"The character was just one dimensional."
"The characters just didn't feel real."
Why do readers fall in love with a story? Or watchers, or listeners? There are many reasons of course. There is good grammar. There is well described visual scenes. There is the action packed moments that make hears pound.
But first and perhaps foremost there are good characters, Real characters, characters that (no matter how fantastical the setting) make smile and say, "I know that guy." Surely we all had a bright and enthusiastic friend who was disillusioned with their simple home life and wanted to get out in the world. We've all known a Luke Skywalker. We've all cringed in sympathy with that friend that just didn't get it socially. We've all known a Data.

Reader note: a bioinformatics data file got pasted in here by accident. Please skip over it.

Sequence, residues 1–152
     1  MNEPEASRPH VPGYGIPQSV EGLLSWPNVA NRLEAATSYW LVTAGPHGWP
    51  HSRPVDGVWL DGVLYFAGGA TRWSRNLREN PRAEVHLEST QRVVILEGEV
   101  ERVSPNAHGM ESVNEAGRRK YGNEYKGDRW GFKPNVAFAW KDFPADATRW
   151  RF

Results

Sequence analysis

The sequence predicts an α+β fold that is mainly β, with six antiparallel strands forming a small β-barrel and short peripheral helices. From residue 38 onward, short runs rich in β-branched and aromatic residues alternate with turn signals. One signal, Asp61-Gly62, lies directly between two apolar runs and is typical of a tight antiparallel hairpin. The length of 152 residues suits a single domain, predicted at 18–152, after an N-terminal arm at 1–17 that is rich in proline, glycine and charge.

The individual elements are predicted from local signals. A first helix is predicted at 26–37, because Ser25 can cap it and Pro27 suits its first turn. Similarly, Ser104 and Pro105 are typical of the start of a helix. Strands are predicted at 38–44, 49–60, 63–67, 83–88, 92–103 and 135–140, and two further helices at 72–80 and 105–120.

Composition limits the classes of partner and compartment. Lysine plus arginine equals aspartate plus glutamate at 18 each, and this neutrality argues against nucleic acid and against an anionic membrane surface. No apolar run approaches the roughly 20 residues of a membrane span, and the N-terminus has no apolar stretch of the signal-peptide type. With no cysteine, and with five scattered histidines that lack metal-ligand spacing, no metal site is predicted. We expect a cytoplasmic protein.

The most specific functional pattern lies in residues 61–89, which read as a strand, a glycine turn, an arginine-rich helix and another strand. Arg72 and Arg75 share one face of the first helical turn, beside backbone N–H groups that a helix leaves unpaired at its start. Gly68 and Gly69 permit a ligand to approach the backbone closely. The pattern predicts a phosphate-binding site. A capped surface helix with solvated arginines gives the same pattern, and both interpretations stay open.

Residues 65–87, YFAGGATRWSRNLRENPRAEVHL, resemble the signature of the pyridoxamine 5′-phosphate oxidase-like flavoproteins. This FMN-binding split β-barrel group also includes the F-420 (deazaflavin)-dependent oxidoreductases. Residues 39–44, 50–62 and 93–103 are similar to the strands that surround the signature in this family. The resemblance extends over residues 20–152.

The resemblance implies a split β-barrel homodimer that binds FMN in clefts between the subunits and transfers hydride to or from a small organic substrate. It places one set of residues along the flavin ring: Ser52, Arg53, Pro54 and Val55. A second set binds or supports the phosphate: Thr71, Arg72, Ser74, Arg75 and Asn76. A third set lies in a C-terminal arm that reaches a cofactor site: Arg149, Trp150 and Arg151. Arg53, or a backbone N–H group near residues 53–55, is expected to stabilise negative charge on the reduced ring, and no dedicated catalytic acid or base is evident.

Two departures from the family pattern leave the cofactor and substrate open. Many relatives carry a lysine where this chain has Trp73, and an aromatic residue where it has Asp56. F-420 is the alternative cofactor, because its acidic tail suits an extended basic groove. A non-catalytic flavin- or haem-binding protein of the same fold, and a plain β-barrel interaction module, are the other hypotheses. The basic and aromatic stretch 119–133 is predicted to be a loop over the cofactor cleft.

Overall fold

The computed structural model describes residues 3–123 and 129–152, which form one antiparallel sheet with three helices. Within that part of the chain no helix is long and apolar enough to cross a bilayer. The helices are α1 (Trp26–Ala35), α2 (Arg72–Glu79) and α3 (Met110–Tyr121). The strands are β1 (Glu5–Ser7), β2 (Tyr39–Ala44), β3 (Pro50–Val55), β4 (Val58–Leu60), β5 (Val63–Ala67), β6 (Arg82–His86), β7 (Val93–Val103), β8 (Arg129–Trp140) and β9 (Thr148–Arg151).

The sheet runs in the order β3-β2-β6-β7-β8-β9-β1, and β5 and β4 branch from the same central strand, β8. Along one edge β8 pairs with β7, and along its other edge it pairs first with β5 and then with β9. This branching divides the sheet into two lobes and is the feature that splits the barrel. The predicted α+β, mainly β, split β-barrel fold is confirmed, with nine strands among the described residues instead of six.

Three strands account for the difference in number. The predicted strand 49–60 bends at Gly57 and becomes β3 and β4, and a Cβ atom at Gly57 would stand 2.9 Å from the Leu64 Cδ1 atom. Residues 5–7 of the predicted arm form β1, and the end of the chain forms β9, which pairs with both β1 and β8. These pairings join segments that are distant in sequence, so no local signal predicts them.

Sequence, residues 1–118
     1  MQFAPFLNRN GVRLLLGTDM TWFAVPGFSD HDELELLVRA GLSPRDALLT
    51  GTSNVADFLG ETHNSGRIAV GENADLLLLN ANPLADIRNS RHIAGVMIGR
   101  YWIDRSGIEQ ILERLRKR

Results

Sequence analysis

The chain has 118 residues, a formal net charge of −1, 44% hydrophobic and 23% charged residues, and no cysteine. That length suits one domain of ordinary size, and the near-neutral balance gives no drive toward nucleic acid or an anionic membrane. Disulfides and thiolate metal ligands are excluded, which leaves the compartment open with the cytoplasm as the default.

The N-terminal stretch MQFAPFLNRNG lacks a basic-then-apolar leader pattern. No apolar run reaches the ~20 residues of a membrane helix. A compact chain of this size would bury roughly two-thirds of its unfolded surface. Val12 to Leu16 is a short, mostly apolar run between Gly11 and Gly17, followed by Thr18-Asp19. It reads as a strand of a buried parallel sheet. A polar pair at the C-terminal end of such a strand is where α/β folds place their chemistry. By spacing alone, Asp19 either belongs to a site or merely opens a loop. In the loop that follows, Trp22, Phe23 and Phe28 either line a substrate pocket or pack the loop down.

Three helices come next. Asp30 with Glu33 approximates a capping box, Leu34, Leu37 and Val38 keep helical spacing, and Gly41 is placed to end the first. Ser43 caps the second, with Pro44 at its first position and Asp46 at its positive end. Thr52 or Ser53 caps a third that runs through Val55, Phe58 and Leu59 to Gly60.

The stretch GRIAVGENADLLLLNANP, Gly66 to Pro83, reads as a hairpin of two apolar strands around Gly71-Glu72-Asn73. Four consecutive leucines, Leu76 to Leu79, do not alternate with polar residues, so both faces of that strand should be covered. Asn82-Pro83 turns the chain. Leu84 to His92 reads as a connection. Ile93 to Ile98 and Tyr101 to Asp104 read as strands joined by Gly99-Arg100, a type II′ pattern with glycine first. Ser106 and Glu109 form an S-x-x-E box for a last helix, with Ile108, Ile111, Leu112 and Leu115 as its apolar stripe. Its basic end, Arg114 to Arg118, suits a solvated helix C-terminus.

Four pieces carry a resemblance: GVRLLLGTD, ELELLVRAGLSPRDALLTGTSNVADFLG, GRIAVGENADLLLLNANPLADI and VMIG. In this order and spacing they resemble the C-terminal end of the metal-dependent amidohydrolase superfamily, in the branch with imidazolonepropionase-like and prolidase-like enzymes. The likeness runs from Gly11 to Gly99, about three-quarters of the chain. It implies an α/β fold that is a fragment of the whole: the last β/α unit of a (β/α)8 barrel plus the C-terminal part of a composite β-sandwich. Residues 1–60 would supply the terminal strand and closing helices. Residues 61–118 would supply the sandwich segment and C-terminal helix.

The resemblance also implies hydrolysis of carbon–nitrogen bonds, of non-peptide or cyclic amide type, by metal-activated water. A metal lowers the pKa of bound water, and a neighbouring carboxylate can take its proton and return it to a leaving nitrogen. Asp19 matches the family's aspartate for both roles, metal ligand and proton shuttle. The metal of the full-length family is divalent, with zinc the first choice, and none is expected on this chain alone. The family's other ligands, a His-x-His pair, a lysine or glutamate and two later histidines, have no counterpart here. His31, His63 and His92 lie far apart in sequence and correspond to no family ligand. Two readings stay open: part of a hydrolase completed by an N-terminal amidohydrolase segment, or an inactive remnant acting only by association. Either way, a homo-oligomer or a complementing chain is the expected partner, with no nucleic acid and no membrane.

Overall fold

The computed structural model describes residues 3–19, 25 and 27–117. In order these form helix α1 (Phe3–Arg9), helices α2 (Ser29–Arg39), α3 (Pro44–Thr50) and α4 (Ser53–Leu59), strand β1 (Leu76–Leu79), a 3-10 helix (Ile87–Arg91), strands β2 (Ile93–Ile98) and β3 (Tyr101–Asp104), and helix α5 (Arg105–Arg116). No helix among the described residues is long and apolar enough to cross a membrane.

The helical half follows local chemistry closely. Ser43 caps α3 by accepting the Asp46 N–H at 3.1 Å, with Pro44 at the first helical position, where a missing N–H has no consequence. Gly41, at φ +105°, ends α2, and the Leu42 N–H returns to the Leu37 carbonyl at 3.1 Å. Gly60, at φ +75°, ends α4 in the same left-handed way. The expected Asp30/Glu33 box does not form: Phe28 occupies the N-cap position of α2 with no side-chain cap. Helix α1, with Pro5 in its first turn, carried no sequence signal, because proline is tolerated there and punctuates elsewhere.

No matter how fantastical the setting the characters we expect the reader to interact with must be relatable. They must be human. Wile life experience is the best fodder for this, write what you know and all that, there are some tools out there that help you build realistic characters.
Here is a good site that describes what most psychologists call the BIG 5 character traits and shows how they can balance in a person.
One good way to use it is to take the test yourself and see how the five variables balance out in yourself. Then read the literature and tweak the numbers for your characters like you were building a D&D character.
For those who don't want to spend the money to take the whole test the variables are very well described in the associated literature and it is fairly easy to work from them.
There are other measure out there to use but the big 5 traits and the ten subdivisions have some of the best science backing them up.